Same-sex couples looking to rent homes are more likely to experience unfavorable treatment than heterosexual couples, according to a study commissioned by the Department of Housing and Urban Development (HUD).

The study — the first to examine housing discrimination against same-sex couples in the rental market — was based on nearly 7,000 email tests conducted across 50 metropolitan markets between June and October of 2011.

The study found that housing providers favored heterosexual couples over gay male couples in 15.9 percent of tests, and favored heterosexual couples over lesbian couples in 15.6 percent of tests.

“As this study shows, we need to continue our efforts to ensure that everyone is treated the same when it comes to finding a home to call their own, regardless of their sexual orientation,” HUD Secretary Shaun Donovan said in a statement.

For each test, two emails, one purportedly from a same-sex couple and the other from a heterosexual couple, were sent to a housing provider to inquire about an advertised rental unit.

The investigation measured unfavorable treatment based on whether a tester was told the unit was available, asked to contact the landlord, invited to see the apartment, or received a response at all.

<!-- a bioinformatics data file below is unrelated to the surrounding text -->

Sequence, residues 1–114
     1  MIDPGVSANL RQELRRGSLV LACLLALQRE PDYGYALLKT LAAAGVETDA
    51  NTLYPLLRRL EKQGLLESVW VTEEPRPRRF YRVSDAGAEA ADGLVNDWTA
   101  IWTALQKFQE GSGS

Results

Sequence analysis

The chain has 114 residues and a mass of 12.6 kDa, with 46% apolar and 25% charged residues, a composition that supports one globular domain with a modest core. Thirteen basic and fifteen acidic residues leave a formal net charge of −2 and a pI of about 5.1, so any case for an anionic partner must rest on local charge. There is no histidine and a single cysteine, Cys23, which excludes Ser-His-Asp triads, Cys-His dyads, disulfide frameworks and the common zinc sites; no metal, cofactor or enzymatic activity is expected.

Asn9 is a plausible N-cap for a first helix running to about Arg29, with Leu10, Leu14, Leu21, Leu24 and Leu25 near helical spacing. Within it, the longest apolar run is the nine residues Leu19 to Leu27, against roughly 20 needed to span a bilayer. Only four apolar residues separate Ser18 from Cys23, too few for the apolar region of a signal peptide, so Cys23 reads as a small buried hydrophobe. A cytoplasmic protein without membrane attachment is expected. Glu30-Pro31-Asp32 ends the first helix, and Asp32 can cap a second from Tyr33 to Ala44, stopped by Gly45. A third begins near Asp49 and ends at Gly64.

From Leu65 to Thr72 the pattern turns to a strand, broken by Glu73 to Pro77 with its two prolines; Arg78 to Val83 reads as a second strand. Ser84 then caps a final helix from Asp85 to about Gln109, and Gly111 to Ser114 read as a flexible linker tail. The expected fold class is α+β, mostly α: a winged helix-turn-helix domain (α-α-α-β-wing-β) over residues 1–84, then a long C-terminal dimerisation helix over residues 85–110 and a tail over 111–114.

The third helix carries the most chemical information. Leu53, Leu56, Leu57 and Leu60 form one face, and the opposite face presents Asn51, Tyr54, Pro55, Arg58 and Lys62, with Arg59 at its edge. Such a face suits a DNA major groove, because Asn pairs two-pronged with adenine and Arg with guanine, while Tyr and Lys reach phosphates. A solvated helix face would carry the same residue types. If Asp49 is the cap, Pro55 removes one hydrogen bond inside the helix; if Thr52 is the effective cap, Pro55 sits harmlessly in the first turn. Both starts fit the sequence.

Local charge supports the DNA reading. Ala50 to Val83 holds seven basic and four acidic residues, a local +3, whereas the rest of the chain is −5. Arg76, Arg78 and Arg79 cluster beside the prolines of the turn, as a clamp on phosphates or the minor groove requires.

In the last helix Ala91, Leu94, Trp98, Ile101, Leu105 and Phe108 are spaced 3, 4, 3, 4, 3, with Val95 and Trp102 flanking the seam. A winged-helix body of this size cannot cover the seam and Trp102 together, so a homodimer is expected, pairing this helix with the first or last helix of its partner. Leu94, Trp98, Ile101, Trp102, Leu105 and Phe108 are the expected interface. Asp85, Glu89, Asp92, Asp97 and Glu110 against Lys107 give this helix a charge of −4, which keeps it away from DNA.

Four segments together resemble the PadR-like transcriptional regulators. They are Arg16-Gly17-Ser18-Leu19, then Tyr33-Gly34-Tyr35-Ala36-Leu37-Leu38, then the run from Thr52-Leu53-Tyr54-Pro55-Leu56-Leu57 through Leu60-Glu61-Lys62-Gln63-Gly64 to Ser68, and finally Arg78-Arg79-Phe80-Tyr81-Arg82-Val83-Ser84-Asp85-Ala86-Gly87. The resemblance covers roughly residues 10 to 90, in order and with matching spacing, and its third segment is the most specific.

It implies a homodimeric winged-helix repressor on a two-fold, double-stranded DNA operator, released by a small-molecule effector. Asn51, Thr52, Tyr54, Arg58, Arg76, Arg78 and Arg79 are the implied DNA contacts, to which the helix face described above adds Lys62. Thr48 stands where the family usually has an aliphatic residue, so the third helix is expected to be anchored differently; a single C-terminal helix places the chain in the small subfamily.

Currently, only 20 states offer explicit protection against housing discrimination to members of the lesbian, gay, bisexual or transgender (LGBT) community. The Fair Housing Act, a federal anti-discrimination law, prohibits discriminating against people on the basis of race, color, national origin, religion, sex, disability and familial status, but does not provide the same protection to the LGBT community.

“This study serves as evidence that there is a dire need to include protections for the LGBT community in the federal Fair Housing Act,” said Shanna L. Smith, president of the National Fair Housing Alliance (NFHA), in a statement. “More enforcement of these laws is also necessary as discrimination continues at high rates even in states that have these protections for the LGBT community.

As The Huffington Post reported, the Housing Opportunities Made Equal (HOME) Act, a bill that has not yet been introduced in the 113th Congress, would beef up the Fair Housing Act by adding add sexual orientation, gender identity, marital status and source of income to prohibitions against discrimination on the basis of gender, marital status and source of income.

The study comes on the heels of another released by HUD last week that provided evidence of persistent housing discrimination against minorities.

While minorities are less likely to encounter flagrant discrimination when house or apartment hunting than they once were, they are still told about and shown fewer housing units than whites, the study found.

Do you think the Fair Housing Act should be strengthened by adding protections for members of the LGBT community? 

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